Yet, the Baltimore Ravens’ distinguished group of elder statesmen are still full of vigor and want to keep playing football after finishing one victory away from reaching the Super Bowl.
"Yeah, I want to be back," said fullback Lorenzo Neal, a four-time Pro Bowl selection who celebrated his 38th birthday last month and has used his body as a human battering ram for 16 NFL seasons. "I still have the desire to play. I want to get better. I would love to get another year or two under my belt.
"Why not come back? We’re so close. It’s a good team with good guys, good veterans and a bright future. It would be great to be a part of it again. You’ve got to like the way a bunch of men battled together."
While Neal’s one-year contract has expired, veteran wide receiver Derrick Mason is under contract through next season in the final year of a five-year, $20 million contract.
A consummate possession receiver, Mason, 35, gutted it out to catch 80 passes for 1,037 yards and five touchdowns despite a painful dislocated left shoulder.
Yet, Mason said he doesn’t know if he’ll be back because of his age and the Ravens’ desire to acquire a No. 1 receiver who’s a proven deep threat.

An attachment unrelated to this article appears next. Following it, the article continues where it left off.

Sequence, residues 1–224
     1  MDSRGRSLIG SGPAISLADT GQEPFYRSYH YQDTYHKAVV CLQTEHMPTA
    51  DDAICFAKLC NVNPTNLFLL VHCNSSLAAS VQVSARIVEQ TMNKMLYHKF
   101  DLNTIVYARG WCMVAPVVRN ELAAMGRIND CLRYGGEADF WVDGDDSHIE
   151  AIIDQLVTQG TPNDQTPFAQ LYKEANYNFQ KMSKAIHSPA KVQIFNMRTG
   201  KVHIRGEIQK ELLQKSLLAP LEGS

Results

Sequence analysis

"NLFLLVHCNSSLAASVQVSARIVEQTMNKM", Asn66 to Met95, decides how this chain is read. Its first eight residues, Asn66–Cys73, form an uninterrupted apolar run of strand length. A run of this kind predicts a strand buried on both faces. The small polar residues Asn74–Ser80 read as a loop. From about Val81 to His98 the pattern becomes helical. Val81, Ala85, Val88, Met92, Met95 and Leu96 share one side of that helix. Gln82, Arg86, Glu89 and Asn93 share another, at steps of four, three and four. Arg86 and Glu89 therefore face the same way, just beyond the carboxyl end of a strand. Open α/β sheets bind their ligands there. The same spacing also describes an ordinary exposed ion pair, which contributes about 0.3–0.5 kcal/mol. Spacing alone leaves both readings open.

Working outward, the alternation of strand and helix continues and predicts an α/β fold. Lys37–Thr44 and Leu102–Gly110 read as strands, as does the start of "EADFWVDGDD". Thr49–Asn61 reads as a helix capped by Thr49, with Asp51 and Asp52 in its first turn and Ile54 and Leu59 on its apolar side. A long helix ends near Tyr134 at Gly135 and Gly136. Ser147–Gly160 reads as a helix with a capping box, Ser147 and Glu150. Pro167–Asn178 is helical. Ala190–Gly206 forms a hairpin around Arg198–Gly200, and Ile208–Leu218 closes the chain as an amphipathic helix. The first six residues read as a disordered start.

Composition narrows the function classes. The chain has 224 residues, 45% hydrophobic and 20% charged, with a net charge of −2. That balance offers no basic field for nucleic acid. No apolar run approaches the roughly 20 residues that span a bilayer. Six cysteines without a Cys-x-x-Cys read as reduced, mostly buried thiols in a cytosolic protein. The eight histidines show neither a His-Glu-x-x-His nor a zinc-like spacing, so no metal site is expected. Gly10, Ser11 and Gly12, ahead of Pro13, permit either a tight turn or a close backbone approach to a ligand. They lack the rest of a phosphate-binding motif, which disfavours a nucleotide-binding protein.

"I’m pretty sure there will be some new faces in the locker room and some new faces in the receiver room, I don’t know if I’ll be here," Mason said. "It’s up in the air right now. I’m 35 years old. I had an OK season, but it depends on where they see this thing going."
It’s not a great class of receiver free agents, so it looks like Mason will be back in some capacity.
The Cincinnati Bengals are likely to hold onto T.J. Houshmandzadeh, whose game closely mirrors Mason’s ability to move the chains while not stretching the defense. And the Tampa Bay Buccaneers have signaled that they want to keep Antonio Bryant, who had a resurgent season after years of clashing with coaches and off-field problems.
Bobby Engram, Shaun McDonald and Devery Henderson wouldn’t represent upgrades, either.
The only potential blockbuster move the Ravens could make is possibly trading for Arizona Cardinals blue-chipper Anquan Boldin. Boldin is under contract through 2010 and is disgruntled because he wants a new contract. He also got in a nasty argument with offensive coordinator Todd Haley during the NFC title game.
A trade for Boldin would require the Ravens to surrender their first-round draft pick this spring and probably a lot more additional compensation.
"I’m optimistic that if I’m not here then Mark Clayton and Demetrius Williams and whoever else they decide to add will be special with Joe Flacco," Mason said. "This football team is going to get better."
All-Pro middle linebacker Ray Lewis turns 34 in May, but led the Ravens with 160 tackles while also intercepting three passes and registering 3 1/2 sacks. Lewis’ $50 million contract has expired and he’s scheduled to be an unrestricted free agent next month.